Beware the Man of the Year. You may praise him, resent him, even want to be him: but beneath the elegant trappings that define him, danger looms. Caroline Louise Walker’s stunning debut novel, for fans of Herman Koch’s The Dinner and Shari Lapena’s The Couple Next Door, delves into the increasingly paranoid mind of a man whose life as the most upstanding of citizens hides a relentlessly dark heart.
Dr. Robert Hart, Sag Harbor’s just-named Man of the Year, is the envy of his friends and neighbors. His medical practice is thriving. He has a beautiful old house and a beautiful new wife and a beautiful boat docked in the village marina. Even his wayward son, Jonah, is back on track, doing well at school, finally worthy of his father’s attentions. So when Jonah’s troubled college roommate, Nick, needs a place to stay for the summer, Hart and his wife generously offer him their guest house. A win-win: Jonah will have someone to hang with, and his father can bask in the warm glow of his own generosity.
But when he begins to notice his new houseguest getting a little too close to his wife, the good doctor’s veneer begins to crack. All the little lies Robert tells—harmless falsehoods meant to protect everything he holds dear—begin to mount. Before long, he’s embroiled in a desperate downward spiral, destroying the lives that stand in his way. It’s only the women in his life—his devoted office manager, his friends, his wife—who can clearly see the truth.
Biting and timely, Man of the Year races along at an electric pace, with a wicked twist that you won’t see coming.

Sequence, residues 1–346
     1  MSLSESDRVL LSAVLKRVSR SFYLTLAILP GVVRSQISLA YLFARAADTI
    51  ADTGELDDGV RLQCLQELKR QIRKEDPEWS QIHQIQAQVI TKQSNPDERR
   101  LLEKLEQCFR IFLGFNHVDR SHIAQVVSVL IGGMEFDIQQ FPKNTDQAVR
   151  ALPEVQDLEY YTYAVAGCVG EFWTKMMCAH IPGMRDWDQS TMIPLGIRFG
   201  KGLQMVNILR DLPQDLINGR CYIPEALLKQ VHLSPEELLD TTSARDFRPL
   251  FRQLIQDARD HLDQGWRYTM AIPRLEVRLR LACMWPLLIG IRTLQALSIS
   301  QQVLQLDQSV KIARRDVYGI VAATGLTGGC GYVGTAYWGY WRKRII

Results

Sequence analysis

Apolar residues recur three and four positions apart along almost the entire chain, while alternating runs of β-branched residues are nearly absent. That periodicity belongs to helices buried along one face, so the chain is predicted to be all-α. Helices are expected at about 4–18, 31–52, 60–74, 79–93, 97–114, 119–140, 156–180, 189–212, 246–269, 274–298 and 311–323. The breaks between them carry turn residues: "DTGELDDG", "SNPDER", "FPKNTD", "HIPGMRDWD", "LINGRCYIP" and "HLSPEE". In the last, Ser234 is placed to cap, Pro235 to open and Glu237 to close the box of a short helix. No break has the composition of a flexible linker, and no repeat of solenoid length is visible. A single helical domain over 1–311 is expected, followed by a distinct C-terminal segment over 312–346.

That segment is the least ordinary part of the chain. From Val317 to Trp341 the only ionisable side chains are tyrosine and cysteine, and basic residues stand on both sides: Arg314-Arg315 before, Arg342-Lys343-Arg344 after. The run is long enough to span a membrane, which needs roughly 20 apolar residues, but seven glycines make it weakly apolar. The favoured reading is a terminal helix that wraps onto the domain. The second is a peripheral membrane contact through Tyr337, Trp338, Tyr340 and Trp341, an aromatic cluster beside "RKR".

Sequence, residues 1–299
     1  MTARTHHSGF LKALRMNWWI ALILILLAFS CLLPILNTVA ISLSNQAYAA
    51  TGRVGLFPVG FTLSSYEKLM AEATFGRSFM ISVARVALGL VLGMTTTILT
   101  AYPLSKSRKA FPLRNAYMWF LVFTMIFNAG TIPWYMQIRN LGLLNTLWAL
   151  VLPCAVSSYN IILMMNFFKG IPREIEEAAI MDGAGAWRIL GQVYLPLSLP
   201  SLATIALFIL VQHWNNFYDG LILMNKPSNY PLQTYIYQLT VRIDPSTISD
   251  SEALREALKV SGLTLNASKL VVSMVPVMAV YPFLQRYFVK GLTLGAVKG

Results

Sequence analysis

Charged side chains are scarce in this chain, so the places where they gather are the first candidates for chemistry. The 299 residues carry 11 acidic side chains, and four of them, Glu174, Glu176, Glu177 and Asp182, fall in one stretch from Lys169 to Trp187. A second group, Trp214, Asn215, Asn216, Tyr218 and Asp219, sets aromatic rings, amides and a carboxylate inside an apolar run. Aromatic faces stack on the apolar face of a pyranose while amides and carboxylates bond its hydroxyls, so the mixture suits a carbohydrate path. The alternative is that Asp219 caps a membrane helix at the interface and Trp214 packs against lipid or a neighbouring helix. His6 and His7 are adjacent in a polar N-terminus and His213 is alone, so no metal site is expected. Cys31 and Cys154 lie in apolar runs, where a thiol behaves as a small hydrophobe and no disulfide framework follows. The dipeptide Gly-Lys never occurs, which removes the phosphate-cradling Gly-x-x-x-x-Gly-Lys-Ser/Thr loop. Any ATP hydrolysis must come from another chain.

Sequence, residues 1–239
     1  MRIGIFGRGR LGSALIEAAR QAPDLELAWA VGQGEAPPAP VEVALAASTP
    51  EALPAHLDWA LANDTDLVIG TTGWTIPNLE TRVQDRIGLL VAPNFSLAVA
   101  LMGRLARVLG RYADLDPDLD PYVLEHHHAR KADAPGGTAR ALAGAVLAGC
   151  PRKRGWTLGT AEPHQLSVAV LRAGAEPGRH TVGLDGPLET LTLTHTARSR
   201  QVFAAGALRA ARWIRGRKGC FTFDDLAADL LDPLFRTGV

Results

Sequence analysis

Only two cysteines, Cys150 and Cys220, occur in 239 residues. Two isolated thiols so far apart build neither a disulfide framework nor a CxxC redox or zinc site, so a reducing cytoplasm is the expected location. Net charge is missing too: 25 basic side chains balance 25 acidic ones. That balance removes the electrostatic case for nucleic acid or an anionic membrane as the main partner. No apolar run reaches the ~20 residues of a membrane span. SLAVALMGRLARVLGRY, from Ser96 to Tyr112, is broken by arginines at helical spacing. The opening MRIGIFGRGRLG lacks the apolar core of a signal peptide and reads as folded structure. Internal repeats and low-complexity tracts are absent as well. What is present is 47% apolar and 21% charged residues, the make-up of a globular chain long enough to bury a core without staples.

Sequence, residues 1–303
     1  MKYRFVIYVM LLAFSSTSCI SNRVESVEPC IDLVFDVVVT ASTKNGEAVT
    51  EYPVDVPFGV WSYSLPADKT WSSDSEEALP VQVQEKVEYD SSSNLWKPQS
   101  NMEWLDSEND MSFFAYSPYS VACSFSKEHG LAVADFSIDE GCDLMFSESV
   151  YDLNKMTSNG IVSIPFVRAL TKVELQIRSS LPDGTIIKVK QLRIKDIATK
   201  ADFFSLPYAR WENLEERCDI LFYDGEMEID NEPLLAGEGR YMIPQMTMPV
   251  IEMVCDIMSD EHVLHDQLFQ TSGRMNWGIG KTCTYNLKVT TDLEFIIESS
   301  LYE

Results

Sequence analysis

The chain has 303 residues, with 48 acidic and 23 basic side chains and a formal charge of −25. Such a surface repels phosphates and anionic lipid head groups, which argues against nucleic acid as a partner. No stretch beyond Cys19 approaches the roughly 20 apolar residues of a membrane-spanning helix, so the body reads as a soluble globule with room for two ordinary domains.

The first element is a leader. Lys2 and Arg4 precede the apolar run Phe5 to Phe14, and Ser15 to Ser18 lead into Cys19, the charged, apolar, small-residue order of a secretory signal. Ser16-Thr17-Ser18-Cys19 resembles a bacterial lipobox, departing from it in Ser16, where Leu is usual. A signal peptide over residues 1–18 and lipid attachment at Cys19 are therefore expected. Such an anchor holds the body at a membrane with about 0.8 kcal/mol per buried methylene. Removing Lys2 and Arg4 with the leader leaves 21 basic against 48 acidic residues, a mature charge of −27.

Thanks to NetGalley for this ARC!
Fans of unreliable narrators – get ready to love this book. Each character looks out for himself (some more than others), tells lies, and behaves oddly, and they all desperately want to avoid punishment for the tragedy that happens in the latter half of the book. The author is generous with tropes (narcissism, infidelity, money, desperation) and it mostly works to create this sometimes fast-paced story. I was not sure if I hated or felt sorry for the main character, the eponymous Man of the Year.
The author is skilled at creating circumstances that change with perception. Each chapter is told in the point of view from each character, so the disconnect between perception is magnified. Some characters get to speak only once, which is jarring. I had to think for a moment or two when a minor character took over the narration. Some of these narrators are never heard from again; they tell their story just for the reader to see things from yet another angle.
Dr. Hart is a tragic figure, cuckolded by his son’s friend, who is staying with the family over the summer. The stereotypical “guest staying in the pool house” provides a convenient location for some activities that muddy the plot and/or provide tension. His wife Elizabeth seems self-centered and vacuous – I am not sure if that was what the author intended, or if she was written that way on purpose. I disliked her almost from the start and did not change my feelings when the book was finished. However, I did end up disliking the rest of the characters towards the end, regardless of how the plot twisted. At that point, I was heartily sick of everyone’s machinations and drama and self-servitude.
I would give the book four and a half stars, for while the plot was engaging there were a few draggy spots and as mentioned above, some characters faded in and out. This fading caused me to disengage a bit when they reappeared since I thought they were on the fringe, not actually moving the story along.
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